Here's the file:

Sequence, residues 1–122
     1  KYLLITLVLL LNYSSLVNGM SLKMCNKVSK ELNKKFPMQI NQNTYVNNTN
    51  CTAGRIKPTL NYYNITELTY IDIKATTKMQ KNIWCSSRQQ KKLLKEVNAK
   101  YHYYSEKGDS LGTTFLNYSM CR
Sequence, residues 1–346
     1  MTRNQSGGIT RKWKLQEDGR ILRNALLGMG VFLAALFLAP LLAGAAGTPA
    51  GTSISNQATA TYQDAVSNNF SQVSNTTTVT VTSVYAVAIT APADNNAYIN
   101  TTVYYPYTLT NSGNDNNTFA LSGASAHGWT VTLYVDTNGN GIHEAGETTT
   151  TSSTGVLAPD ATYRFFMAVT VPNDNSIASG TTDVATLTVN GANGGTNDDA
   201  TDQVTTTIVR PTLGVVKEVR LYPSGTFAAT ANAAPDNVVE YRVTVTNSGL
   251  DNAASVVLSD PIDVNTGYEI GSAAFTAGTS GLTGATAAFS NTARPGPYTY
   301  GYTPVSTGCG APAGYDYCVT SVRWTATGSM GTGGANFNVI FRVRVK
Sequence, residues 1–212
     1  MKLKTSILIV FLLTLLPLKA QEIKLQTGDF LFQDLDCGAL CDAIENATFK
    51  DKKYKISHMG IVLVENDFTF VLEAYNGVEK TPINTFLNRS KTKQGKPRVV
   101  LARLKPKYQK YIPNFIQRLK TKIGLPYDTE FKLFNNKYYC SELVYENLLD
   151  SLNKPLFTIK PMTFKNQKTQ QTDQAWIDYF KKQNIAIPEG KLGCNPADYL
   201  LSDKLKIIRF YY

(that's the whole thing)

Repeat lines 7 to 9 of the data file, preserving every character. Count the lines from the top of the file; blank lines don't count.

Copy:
    51  GTSISNQATA TYQDAVSNNF SQVSNTTTVT VTSVYAVAIT APADNNAYIN
   101  TTVYYPYTLT NSGNDNNTFA LSGASAHGWT VTLYVDTNGN GIHEAGETTT
   151  TSSTGVLAPD ATYRFFMAVT VPNDNSIASG TTDVATLTVN GANGGTNDDA